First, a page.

Five days in a row, BMW cars are catching fire in South Korea. The Ministry of Land, Infrastructure and Transport is launching an investigation into whether BMW Korea had known about the defects and tried to conceal or reduce the scale of the problem.
At 11:47 a.m. on Thursday, a BMW 520d sedan owned by a 29-year-old female driver surnamed Choi, caught fire 104 kilometers to the Gangneung direction on Yeongdong Expressway in Wonju, Gangwon Province. The fire was put out in 20 minutes.
The driver told police that she had pulled over the car onto the shoulder as the gas pedal was not working, and fire began to rage up from the front of the vehicle. Choi and her fellow passenger evacuated, so there was no casualty. The police and fire authorities are probing into the exact cause of the accident.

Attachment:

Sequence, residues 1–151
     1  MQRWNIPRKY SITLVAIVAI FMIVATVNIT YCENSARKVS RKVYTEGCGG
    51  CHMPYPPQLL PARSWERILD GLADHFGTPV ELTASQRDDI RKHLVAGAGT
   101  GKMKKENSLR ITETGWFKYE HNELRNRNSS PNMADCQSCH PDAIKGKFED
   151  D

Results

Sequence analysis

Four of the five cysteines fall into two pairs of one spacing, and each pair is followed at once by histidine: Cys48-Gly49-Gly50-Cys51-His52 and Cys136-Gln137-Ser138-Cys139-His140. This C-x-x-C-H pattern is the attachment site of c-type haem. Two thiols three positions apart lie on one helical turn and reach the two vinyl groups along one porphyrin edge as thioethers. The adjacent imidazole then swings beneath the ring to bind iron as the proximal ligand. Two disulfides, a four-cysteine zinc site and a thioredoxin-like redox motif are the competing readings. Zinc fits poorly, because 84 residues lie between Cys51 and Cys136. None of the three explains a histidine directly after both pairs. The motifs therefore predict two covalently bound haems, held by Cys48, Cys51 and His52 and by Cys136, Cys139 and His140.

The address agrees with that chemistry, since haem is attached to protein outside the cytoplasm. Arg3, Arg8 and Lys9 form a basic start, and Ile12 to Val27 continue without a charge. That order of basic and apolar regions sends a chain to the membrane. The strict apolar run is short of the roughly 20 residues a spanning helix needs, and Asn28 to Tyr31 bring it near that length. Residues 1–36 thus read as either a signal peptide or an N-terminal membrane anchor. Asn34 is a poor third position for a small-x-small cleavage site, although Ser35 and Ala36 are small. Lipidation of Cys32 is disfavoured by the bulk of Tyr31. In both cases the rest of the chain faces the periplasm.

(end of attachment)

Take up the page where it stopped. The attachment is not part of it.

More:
In 2018 alone, as many as 30 or so BMW cars have caught fire. The fire is affecting various models. The primary culprit is a diesel model called 520d with 24 of them having been affected, but six gasoline models have also caught fire. The flagship 742i model, which was completely burned down in Asan, South Chungcheong Province on Wednesday, and the red Mini Cooper, which caught fire in the Dosan intersection, Gangnam District on July 4, are also gasoline cars. Mini is a British brand that BMW acquired, and the latest events are stoking public fear that their cars might catch fire anytime soon.
The transport ministry announced that it would launch an inspection into whether BMW had known about the defects and tried to conceal or reduce the problem before taking such a sluggish recall measure. An ministry official said if circumstantial evidence indicating concealment or reduction of the issue is secured, they might file a request with an investigation agency.
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